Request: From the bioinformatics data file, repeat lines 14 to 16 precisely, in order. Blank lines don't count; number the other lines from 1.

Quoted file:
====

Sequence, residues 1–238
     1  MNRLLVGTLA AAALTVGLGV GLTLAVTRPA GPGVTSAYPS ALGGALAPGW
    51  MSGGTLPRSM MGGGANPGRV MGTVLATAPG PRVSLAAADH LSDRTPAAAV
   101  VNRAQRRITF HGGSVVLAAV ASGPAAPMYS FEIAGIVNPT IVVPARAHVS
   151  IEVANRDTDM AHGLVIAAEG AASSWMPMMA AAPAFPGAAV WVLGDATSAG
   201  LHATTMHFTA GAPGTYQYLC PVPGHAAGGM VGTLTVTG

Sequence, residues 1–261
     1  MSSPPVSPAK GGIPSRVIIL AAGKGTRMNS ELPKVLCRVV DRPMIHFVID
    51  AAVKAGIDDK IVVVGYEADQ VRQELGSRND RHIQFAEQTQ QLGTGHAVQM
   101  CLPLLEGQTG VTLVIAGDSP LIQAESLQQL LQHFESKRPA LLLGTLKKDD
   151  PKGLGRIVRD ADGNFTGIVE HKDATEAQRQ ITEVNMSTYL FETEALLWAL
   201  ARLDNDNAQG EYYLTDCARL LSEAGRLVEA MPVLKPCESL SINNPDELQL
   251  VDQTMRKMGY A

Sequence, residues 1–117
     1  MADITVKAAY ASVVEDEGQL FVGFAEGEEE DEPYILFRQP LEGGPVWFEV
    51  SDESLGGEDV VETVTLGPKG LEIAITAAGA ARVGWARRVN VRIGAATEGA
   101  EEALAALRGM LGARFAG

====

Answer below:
Sequence, residues 1–117
     1  MADITVKAAY ASVVEDEGQL FVGFAEGEEE DEPYILFRQP LEGGPVWFEV
    51  SDESLGGEDV VETVTLGPKG LEIAITAAGA ARVGWARRVN VRIGAATEGA